Published on April 14, 2021

The Australian Government has officially added omega-3 fatty acid supplementation to their list of recommendations for pregnant women

Omega-3 fatty acids are essential to a healthy pregnancy and baby, and are known to be important for many aspects of health. This includes being extremely important for vision and normal brain growth and development during pregnancy and infancy. Many studies have shown a relationship between omega-3 intake or status during pregnancy and outcomes such as infant immunity, time of gestation or preterm birth, birth weight, and even the incidence of postpartum depression.

Now, the Australian Government, Department of Health has officially made the recommendation for daily supplementation with omega-3 long-chain polyunsaturated fatty acids (800 mg docosahexaenoic acid [DHA] and 100 mg eicosapentaenoic acid [EPA]) during pregnancy, with the emphasis that they may reduce the risk of preterm birth among women who are low in omega-3s. This recommendation is included in the list of other lifestyle factors that contribute to the health and wellbeing of a woman and her baby during pregnancy. Other recommendations include eating a healthy diet, getting regular physical activity, not smoking, and avoiding alcohol, as well ensuring adequate folic acid, iron, calcium, and iodine intake, such as by taking a prenatal multivitamin.

Preterm Birth Risk Reduced with Omega-3s

A meta-analysis by Kar et al. looked at the relationship between omega-3 fatty acid supplementation and the risk of preterm birth by combining data from 9 randomized controlled trials, from a total of 5980 women. Specific outcomes measured were the effect of omega-3 fatty acid supplementation on the risk of preterm (<37 weeks gestation) and early preterm (<34 weeks gestation) birth. All women included in the studies had singleton pregnancies and were not on any other treatment for the prevention of preterm delivery. Omega-3 fatty acid intake was identified to include either EPA, DHA or both, with doses ranging from 133 mg per day to 3000 mg per day. Only 1 of the 9 studies gave less than 400 mg per day, and 7 of the 9 studies began supplementation before the end of the second trimester (24 weeks of gestation).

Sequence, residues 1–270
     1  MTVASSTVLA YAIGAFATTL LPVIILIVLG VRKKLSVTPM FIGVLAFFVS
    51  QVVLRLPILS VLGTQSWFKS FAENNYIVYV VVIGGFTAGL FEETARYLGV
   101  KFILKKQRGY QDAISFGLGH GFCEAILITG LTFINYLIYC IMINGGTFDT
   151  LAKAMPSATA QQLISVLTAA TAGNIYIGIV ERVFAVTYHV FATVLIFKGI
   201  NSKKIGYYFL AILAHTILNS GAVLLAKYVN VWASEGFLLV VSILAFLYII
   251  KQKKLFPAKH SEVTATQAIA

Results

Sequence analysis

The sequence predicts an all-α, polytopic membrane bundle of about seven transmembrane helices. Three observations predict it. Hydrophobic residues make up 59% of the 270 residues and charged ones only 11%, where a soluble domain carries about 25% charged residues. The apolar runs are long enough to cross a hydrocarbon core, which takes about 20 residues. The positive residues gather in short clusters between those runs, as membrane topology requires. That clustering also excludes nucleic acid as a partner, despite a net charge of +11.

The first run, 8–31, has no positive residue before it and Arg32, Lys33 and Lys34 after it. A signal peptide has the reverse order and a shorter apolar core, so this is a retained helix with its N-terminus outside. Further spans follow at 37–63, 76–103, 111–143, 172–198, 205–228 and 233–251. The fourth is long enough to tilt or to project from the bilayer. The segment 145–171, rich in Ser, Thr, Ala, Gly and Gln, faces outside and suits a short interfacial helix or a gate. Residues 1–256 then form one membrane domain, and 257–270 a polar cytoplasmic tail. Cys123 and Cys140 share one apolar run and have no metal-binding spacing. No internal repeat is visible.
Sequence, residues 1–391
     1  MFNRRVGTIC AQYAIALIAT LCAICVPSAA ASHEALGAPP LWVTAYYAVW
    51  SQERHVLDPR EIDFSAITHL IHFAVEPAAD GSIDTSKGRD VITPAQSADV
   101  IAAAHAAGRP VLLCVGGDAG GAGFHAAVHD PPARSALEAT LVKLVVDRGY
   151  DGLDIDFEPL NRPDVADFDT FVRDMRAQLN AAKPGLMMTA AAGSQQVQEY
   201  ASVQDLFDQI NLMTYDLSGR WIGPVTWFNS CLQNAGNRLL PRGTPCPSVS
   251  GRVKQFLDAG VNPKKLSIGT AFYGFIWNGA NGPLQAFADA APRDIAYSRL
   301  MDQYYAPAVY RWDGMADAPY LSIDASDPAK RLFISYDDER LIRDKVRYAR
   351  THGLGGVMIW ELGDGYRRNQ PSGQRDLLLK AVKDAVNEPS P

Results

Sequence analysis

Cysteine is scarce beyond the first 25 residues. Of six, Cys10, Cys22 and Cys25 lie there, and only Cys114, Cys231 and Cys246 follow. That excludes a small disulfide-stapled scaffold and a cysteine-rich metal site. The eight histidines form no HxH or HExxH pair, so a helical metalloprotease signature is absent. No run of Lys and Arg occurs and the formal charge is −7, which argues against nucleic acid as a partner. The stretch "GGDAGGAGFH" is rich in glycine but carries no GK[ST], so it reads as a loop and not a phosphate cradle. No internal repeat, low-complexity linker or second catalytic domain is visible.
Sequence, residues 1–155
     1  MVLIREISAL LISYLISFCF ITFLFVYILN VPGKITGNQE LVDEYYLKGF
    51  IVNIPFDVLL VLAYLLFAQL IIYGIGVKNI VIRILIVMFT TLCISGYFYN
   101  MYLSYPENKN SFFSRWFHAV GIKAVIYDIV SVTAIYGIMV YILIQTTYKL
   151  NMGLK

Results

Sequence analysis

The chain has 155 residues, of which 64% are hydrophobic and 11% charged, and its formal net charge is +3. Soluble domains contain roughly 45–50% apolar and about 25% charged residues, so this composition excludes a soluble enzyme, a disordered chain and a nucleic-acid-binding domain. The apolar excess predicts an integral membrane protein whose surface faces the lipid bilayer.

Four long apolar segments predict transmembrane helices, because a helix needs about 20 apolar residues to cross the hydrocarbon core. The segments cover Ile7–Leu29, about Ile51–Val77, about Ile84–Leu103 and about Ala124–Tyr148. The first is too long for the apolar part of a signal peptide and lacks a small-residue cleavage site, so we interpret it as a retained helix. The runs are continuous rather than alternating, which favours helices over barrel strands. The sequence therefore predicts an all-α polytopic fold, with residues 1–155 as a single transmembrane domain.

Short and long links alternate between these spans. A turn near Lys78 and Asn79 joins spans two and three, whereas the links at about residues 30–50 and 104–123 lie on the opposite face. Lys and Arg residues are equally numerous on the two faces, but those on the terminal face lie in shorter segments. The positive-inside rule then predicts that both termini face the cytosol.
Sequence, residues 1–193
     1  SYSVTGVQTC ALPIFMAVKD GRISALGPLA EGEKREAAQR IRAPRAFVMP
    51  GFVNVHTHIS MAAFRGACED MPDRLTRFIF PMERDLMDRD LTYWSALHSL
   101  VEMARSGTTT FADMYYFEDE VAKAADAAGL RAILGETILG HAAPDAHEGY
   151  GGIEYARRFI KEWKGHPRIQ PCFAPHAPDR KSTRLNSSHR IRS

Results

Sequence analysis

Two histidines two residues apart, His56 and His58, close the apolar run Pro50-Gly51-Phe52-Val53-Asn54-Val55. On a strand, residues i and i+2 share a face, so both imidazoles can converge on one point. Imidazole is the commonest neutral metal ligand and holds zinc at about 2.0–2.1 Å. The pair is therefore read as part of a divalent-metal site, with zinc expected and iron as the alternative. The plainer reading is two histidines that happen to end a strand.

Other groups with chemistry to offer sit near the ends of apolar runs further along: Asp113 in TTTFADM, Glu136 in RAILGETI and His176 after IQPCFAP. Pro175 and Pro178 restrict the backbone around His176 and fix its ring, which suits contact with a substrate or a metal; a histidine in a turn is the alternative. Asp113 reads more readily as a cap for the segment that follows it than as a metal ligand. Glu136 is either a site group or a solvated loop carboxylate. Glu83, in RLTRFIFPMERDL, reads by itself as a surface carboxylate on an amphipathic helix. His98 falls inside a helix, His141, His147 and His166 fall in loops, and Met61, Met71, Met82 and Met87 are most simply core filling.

Six of the studies included early preterm birth as an outcome, and found that omega-3 intake was associated with a 58% reduced risk of early preterm delivery (p=0.0002). Overall, a 17% decreased risk of any preterm birth was seen among women who supplemented with omega-3s (p=0.03).

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The review also found that, among the women who supplemented with omega-3s, there was a significant increase in the mean gestational age by nearly two weeks (p=0.01) and a significant increase in the mean birth weight by 122 g (p=0.001).

A Low Omega-3 Index Is a Risk Factor for Postpartum Depression

In a study by Markhus et al., researchers measured Omega-3 Index levels (the same measurement provided in D*action+Omega-3, which measures the amount of EPA and DHA in red blood cell membranes) and found a direct correlation between Omega-3 Index levels and postpartum depression. The study was done in Norway, examining women from a single community, whose Omega-3 Index levels were measured at 28 weeks gestation. The women were assessed for postpartum depression three months after delivery using the Edinburgh Postnatal Depression Scale (EPDS) with scores ranging from 0-30. A value of greater than or equal to ten usually equates to having postpartum depression.

Overall, only 6.9% of the women in the study had EPDS values of 10 or higher – but as can be seen in the chart below, the higher the Omega-3 Index, the lower the EPDS score. This paper describes a ‘bend’ in the curve at an Omega-3 Index around 5%, in others words, that is the point you want to be above to reduce the risk of postpartum depression. An Omega-3 Index of almost 8% was associated with an even greater risk reduction, and has also been associated with the greatest improvement in cardiovascular health, cognitive health, and healthy aging.